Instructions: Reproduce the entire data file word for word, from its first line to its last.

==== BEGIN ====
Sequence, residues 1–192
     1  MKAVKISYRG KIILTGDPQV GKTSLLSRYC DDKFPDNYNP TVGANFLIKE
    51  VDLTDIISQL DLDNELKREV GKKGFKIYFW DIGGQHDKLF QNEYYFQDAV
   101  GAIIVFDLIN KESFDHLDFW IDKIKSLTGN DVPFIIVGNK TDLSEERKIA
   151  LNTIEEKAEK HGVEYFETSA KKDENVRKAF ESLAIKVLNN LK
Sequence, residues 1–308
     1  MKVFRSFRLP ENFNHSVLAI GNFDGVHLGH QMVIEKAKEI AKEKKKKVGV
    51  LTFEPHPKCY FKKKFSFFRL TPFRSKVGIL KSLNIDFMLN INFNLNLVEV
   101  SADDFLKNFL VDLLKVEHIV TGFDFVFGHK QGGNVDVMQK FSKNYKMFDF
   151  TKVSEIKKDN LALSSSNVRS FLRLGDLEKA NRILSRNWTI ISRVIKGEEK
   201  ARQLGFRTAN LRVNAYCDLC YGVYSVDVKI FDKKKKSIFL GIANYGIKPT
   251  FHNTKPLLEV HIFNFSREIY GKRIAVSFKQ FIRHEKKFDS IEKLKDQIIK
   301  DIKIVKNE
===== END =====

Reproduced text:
Sequence, residues 1–192
     1  MKAVKISYRG KIILTGDPQV GKTSLLSRYC DDKFPDNYNP TVGANFLIKE
    51  VDLTDIISQL DLDNELKREV GKKGFKIYFW DIGGQHDKLF QNEYYFQDAV
   101  GAIIVFDLIN KESFDHLDFW IDKIKSLTGN DVPFIIVGNK TDLSEERKIA
   151  LNTIEEKAEK HGVEYFETSA KKDENVRKAF ESLAIKVLNN LK
Sequence, residues 1–308
     1  MKVFRSFRLP ENFNHSVLAI GNFDGVHLGH QMVIEKAKEI AKEKKKKVGV
    51  LTFEPHPKCY FKKKFSFFRL TPFRSKVGIL KSLNIDFMLN INFNLNLVEV
   101  SADDFLKNFL VDLLKVEHIV TGFDFVFGHK QGGNVDVMQK FSKNYKMFDF
   151  TKVSEIKKDN LALSSSNVRS FLRLGDLEKA NRILSRNWTI ISRVIKGEEK
   201  ARQLGFRTAN LRVNAYCDLC YGVYSVDVKI FDKKKKSIFL GIANYGIKPT
   251  FHNTKPLLEV HIFNFSREIY GKRIAVSFKQ FIRHEKKFDS IEKLKDQIIK
   301  DIKIVKNE